4.5. Packaging our utilities into a service program

Now that we've written our RdLine() and WrLine() procedures, a few other details should be ironed out:

  1. We need a prototype for Translate() added to the top of the service program.

  2. We need to include our socket_h header file in our service program.

  3. We need binding language source to use when creating the service program.

I'll assume at this point that you've already coded the RdLine() and WrLine() procedures from the previous chapters. At the top of the member that you placed those subprocedures in, you'll need the following code:

         H NOMAIN
         D Translate       PR                  ExtPgm('QDCXLATE')
         D    peLength                    5P 0 const
         D    peBuffer                32766A   options(*varsize)
         D    peTable                    10A   const

You'll also want to create a member that contains the prototypes for the RdLine and WrLine functions. We'll call this SOCKUTIL_H, and put that in QRPGLESRC as well. It will look like this:

          * RdLine(): This reads one "line" of text data from a socket.
          *   peSock = socket to read from
          *   peLine = a pointer to a variable to put the line of text into
          *   peLength = max possible length of data to stuff into peLine
          *   peXLate = (default: *OFF) Set to *ON to translate ASCII -> EBCDIC
          *   peLF (default: x'0A') = line feed character.
          *   peCR (default: x'0D') = carriage return character.
          *  returns length of data read, or -1 upon error
         D RdLine          PR            10I 0
         D   peSock                      10I 0 value
         D   peLine                        *   value
         D   peLength                    10I 0 value
         D   peXLate                      1A   const options(*nopass)
         D   peLF                         1A   const options(*nopass)
         D   peCR                         1A   const options(*nopass)
          *  WrLine() -- Write a line of text to a socket:
          *      peSock = socket descriptor to write to
          *      peLine = line of text to write to
          *    peLength = length of line to write (before adding CRLF)
          *            you can pass -1 to have this routine calculate
          *            the length for you (which is the default!)
          *     peXlate = Pass '*ON' to have the routine translate
          *            this data to ASCII (which is the default) or *OFF
          *            to send it as-is.
          *      peEOL1 = First character to send at end-of-line
          *            (default is x'0D')
          *      peEOL2 = Second character to send at end-of-line
          *            (default is x'0A' if neither EOL1 or EOL2 is
          *            passed, or to not send a second char is EOL1
          *            is passed by itself)
          * Returns length of data sent (including end of line chars)
          *    returns a short count if it couldnt send everything
          *    (if you're using a non-blocking socket) or -1 upon error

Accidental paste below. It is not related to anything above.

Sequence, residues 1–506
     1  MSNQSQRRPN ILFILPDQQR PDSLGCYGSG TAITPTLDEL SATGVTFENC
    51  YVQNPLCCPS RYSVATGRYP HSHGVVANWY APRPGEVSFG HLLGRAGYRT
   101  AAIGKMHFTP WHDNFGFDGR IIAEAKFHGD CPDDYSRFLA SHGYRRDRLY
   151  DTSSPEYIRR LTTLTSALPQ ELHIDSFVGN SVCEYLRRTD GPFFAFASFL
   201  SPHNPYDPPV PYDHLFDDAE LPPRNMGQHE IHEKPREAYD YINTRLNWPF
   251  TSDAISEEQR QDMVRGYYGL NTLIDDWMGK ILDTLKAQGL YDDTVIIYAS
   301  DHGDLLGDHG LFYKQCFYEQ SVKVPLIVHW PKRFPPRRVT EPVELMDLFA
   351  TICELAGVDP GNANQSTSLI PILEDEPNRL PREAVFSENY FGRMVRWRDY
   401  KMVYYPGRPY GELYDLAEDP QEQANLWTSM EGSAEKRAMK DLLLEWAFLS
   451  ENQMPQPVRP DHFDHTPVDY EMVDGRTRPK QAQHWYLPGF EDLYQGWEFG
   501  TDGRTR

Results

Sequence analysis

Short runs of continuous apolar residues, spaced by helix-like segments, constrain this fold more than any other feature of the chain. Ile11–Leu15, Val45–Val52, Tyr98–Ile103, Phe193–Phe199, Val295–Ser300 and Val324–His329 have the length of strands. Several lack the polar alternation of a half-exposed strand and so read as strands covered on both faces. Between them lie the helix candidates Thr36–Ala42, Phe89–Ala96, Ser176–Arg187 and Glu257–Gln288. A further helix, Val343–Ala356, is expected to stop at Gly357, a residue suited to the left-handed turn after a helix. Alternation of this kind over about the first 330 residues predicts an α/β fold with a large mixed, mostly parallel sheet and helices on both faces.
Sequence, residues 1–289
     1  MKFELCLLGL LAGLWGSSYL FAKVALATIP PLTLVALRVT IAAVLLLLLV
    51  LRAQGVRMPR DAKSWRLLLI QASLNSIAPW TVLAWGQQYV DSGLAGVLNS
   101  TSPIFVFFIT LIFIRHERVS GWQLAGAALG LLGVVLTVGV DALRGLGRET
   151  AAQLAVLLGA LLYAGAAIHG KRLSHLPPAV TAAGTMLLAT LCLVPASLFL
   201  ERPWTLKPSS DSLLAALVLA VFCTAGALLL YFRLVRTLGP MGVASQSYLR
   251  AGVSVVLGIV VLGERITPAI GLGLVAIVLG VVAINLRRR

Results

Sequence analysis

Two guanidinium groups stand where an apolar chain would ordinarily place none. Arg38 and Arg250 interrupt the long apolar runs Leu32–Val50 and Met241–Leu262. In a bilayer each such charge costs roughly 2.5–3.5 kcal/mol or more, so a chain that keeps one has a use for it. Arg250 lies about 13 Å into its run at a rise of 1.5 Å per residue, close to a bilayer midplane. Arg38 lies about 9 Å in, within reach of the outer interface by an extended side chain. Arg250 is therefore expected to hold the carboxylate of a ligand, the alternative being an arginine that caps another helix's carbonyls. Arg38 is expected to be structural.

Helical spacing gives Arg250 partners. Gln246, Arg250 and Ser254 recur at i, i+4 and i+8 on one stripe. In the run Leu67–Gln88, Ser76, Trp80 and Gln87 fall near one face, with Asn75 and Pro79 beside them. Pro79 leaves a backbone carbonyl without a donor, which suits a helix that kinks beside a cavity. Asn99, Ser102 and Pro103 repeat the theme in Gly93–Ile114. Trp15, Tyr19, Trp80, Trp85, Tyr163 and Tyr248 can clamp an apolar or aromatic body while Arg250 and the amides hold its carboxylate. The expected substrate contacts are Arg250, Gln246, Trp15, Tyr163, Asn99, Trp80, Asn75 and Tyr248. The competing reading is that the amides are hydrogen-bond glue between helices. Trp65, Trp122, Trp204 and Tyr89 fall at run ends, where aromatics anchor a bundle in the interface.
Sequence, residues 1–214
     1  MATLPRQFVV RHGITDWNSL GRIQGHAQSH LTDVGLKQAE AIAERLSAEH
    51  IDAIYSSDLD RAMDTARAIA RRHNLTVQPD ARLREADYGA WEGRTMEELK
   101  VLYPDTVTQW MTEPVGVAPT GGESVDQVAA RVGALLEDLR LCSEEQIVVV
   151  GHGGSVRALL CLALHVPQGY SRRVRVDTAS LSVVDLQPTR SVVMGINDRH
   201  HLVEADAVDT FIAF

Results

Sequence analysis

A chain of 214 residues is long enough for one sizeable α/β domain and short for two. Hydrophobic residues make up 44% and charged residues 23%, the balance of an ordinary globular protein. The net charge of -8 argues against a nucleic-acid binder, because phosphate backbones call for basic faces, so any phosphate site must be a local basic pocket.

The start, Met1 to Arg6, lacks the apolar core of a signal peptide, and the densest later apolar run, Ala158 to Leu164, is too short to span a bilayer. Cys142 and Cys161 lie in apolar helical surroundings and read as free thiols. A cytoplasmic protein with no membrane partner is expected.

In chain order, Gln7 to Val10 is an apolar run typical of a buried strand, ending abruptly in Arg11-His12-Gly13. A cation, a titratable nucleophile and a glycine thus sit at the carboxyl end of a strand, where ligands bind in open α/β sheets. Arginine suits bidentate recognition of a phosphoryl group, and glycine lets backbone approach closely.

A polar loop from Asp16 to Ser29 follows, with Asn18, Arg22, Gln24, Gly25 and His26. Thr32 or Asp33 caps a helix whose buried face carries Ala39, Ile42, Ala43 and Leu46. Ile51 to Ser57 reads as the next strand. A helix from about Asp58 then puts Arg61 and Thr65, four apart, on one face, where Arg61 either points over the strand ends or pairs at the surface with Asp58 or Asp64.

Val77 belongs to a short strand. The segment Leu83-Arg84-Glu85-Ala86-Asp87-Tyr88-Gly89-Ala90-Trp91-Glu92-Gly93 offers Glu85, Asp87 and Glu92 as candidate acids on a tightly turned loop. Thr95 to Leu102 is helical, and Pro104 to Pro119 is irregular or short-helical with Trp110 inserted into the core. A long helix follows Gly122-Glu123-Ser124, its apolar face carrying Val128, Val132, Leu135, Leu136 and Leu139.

D WrLine          PR            10I 0
         D  peSock                       10I 0 value
         D  peLine                      256A   const
         D  peLength                     10I 0 value options(*nopass)
         D  peXLate                       1A   const options(*nopass)
         D  peEOL1                        1A   const options(*nopass)
         D  peEOL2                        1A   const options(*nopass)

If you'd prefer to download my copy of SOCKUTIL_H instead of writing your own, you can get it here: http://www.scottklement.com/rpg/socktut/qrpglesrc.sockutil_h

Finally, we need to create binding source to tell the system how to create our service program. If you're not familiar with this, I'll explain it a little.

When creating a service program, the system calculates a 'signature' for your service program. This works in a similar manner to the way 'record format level checks' work on a database file -- if something in the service program changes, they prevent you from possibly accessing it incorrectly.

Binding language serves to tell the system which procedures are exported, and also to tell the system which procedures were exported LAST time you ran CRTSRVPGM, and maybe the time before that, and so on. If you don't specify binding language for your service program, each time a procedure changes in it, you'll have to recompile ALL of the programs that call that service program. If you don't, you'll get "Signature Violation" errors when trying to call them! But, thanks to the ability to keep track of 'previous exports' in a service program, you can make your service program backwards compatible.

I hope that's clear enough -- if not, you probably want to read the 'ILE Concepts' manual, as this tutorial really isn't intended to teach all of the nuances of service programs and signatures.

At any rate, it's very easy to create binding source. It looks like this:

    Member SOCKUTILR4 of file QSRVSRC:

That's it... it's that simple... we've told that this is the program exports for the current level of our service program, and which procedures to export. It can hardly be easier!

Now, we compile our service program by typing:



And, while we're at it, lets create a binding directory to make our service program available to the CRTBNDRPG command. We do this by typing: